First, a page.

Date of Award


Degree Type


Degree Name

Doctor of Philosophy (PhD)


Neuroscience Institute

First Advisor

Dr. Aaron Roseberry

Second Advisor

Dr. Vincent Rehder

Third Advisor

Dr. Charles Derby

Fourth Advisor

Dr. Shane Hentges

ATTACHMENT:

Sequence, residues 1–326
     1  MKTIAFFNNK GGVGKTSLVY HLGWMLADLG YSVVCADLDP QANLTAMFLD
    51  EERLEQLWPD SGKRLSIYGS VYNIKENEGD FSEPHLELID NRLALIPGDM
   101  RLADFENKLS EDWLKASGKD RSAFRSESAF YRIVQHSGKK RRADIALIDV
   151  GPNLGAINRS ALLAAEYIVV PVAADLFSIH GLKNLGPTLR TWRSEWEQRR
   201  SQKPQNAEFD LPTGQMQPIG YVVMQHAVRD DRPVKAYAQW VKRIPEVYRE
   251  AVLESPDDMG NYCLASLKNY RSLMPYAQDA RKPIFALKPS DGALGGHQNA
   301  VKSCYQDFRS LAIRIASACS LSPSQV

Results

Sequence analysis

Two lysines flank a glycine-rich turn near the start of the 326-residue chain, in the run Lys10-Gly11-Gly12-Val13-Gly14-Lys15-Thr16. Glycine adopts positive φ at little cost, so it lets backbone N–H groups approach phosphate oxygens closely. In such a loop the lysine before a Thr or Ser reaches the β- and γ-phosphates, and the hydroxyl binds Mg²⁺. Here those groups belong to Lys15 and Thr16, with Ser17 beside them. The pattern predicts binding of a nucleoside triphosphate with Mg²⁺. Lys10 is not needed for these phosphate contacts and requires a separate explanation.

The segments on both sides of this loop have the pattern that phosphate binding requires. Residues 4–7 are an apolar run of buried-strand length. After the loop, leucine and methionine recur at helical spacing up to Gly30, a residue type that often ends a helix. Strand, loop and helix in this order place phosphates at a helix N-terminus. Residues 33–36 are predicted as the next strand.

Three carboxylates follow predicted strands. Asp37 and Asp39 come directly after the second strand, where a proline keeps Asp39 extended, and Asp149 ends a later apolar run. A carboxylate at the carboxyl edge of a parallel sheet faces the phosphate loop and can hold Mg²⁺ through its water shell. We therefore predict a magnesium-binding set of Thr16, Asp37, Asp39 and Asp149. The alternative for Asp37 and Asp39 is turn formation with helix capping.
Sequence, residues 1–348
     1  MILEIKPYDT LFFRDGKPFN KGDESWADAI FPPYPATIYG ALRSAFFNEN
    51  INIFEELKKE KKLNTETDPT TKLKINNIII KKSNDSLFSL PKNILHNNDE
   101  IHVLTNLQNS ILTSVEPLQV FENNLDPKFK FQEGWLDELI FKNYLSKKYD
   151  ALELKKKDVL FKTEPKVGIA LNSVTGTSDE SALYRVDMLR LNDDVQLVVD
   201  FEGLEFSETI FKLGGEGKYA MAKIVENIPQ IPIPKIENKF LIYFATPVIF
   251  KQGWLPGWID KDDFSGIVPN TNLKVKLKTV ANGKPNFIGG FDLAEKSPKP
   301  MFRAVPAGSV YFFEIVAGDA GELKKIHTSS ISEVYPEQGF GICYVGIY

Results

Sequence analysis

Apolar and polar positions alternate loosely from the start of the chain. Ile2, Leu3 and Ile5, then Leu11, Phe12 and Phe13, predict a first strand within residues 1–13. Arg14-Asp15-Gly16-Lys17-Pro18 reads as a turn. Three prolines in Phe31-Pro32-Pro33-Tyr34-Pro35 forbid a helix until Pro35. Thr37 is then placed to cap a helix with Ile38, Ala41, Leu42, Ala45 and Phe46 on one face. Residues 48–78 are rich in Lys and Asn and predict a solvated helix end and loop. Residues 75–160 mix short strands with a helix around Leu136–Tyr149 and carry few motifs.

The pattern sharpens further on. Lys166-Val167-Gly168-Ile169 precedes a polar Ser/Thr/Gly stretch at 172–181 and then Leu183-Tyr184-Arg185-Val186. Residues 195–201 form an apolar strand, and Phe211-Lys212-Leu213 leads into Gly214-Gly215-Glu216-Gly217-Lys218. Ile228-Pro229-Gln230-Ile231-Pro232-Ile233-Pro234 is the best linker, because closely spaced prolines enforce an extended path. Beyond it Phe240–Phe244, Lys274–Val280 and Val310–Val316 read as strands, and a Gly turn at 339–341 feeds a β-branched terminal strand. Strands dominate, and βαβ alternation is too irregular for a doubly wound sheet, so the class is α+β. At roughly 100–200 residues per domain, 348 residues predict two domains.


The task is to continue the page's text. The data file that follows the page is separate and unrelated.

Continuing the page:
The prevalence of obesity has doubled worldwide since the 1980s, and having a high body mass index contributes to more deaths worldwide than being underweight. Over the past 20 years, consumption of calorie-dense foods has increased, and this is considered one of the major causes of the rapid rise in obesity. Thus, understanding the neural control of food intake is important for the development of new and effective treatments of obesity. Two important brain regions that regulate food intake are the hypothalamus and the mesocorticolimbic dopamine system. The hypothalamus is essential for the homeostatic control of feeding and body weight, while the mesocorticolimbic dopamine system, also known as the reward system, is the primary circuit for reward and motivated behavior. The reward system also regulates food intake and food reward, and there is increasing evidence that hypothalamic feeding-related neuropeptides alter dopamine neuron activity to affect feeding. Nevertheless, how these neuropeptides interact with the reward system to regulate feeding is not fully understood. For example, centrally delivered neurotensin and neuropeptide-Y (NPY) increase dopamine release in the nucleus accumbens, but cause opposite effects on food reward. In addition, injection of the hypothalamic neuropeptides neurotensin, NPY, or alpha-melanocyte-stimulating hormone (a-MSH) into the ventral tegmental area (VTA), where reward-related dopamine neurons are located, alters multiple aspects of feeding, but how these neuropeptides interact with the reward system to alter feeding at both the circuit and cellular levels is not fully understood. In these studies, I have used whole cell patch-clamp electrophysiology in acute brain slices from mice to examine how neurotensin, a-MSH, and NPY affect VTA dopamine neuron activity. I have demonstrated that these neuropeptides use multiple mechanisms to alter VTA dopamine neuron activity, including both pre- and post-synaptic mechanisms. Neurotensin and a-MSH increased dopamine neuron activity, while NPY had both excitatory and inhibitory effects on dopamine neuron activity. Overall, these studies provide an important advancement in our understanding of the different mechanisms utilized by hypothalamic neuropeptides to alter VTA dopamine neuron activity and how hypothalamic neuropeptides interact with the mesocorticolimbic dopamine system to control food intake and food reward.